SUMMARY OF THE INVENTION

Accordingly, the primary object of the present invention is to provide a refrigerant recovery apparatus that can remove the gas, liquid, or gas-liquid-mixture refrigerant in the liquid state of normal temperature without a compressor.

Another object of the present invention is to provide an adsorption-type refrigerant recovery apparatus which utilizes the porosity of an adsorbent to adsorb and the refrigerant molecules for the purpose refrigerant recovery purpose.

Yet another object of the present invention is to provide an adsorption-type refrigerant recovery apparatus which utilizes an adsorbent to recover the refrigerant having different properties but similar molecular dimensions.

In accordance with the present invention an adsorption-type refrigerant recovery apparatus utilizes the porosity of an adsorbent, such as a molecular sieve, to adsorb the refrigerant molecules in its pores. The kinetic energy of the refrigerant molecules is reduced and converted into heat energy. By externally adding heat energy, the kinetic energy of the adsorbed refrigerant molecule is increased so that the refrigerant is desorbed from the adsorbent in the gaseous state. A part of the heat energy of the adsorbent is utilized to vaporize the liquid refrigerant in order to subsequently separate the lubricant within the refrigerant/lubricant separating device, and another part of the heat energy is removed by a heat radiating device. Therefore, the adsorption-type refrigerant recovery apparatus can recover gaseous, liquid, or gas-liquid-mixture refrigerant. Furthermore, the adsorbent does it not select for the kind of matter adsorbs, and can adsorb all kinds of refrigerant if their molecular dimensions are similar to the pore dimension of the adsorbent.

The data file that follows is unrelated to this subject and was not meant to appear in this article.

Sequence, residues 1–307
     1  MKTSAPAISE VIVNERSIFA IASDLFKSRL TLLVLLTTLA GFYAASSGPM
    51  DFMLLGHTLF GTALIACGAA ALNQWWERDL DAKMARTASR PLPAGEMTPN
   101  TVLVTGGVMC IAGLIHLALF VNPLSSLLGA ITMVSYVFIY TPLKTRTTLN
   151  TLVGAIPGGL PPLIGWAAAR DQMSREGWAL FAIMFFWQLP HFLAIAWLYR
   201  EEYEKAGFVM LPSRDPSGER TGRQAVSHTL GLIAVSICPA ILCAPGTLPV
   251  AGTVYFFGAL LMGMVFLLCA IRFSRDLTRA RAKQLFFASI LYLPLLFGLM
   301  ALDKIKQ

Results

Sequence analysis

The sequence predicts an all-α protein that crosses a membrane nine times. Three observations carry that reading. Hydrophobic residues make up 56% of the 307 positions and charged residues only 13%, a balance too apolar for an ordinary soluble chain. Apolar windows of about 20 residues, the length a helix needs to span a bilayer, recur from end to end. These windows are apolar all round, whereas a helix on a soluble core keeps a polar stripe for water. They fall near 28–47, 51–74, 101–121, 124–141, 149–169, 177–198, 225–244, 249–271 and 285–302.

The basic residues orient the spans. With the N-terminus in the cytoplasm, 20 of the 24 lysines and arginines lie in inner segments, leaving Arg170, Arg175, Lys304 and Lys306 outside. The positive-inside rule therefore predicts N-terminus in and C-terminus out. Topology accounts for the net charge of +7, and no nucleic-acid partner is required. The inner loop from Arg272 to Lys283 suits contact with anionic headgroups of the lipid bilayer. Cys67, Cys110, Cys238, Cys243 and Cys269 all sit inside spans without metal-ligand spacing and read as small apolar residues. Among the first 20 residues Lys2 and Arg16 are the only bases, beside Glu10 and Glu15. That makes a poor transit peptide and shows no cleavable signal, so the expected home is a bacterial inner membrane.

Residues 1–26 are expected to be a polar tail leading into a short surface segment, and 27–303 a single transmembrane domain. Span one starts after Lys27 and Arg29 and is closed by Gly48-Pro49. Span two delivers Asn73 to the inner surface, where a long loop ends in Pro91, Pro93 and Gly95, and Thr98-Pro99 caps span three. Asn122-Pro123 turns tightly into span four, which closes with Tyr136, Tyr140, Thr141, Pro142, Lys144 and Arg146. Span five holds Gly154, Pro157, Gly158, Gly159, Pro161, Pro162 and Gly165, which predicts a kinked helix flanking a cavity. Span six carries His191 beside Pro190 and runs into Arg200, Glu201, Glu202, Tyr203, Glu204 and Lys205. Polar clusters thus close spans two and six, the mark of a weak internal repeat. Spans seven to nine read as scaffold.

In regards to another aspect of the present invention, an adsorption-type refrigerant recovery apparatus, it is adapted to recover refrigerant from a refrigeration and air conditioning system into a refrigerant reservoir and comprises: a connection unit connected to and receiving the refrigerant from the refrigeration and air conditioning system; a refrigerant flow direction control device connected to the connection unit; at least one refrigerant adsorbing/desorbing device connected to the refrigerant flow direction control device; a refrigerant/lubricant separating device connected to the refrigerant flow direction control device; a condensation heat exchanging device connected to the refrigerant flow direction control device; and a drying/exhausting device connected between the condensation heat exchanging device and the refrigerant reservoir; wherein

the refrigerant adsorbing/desorbing device includes an adsorbent container, an adsorbent located within the adsorbent container, a heater located within the adsorbent container, and a heat radiating device connected to the adsorbent container; and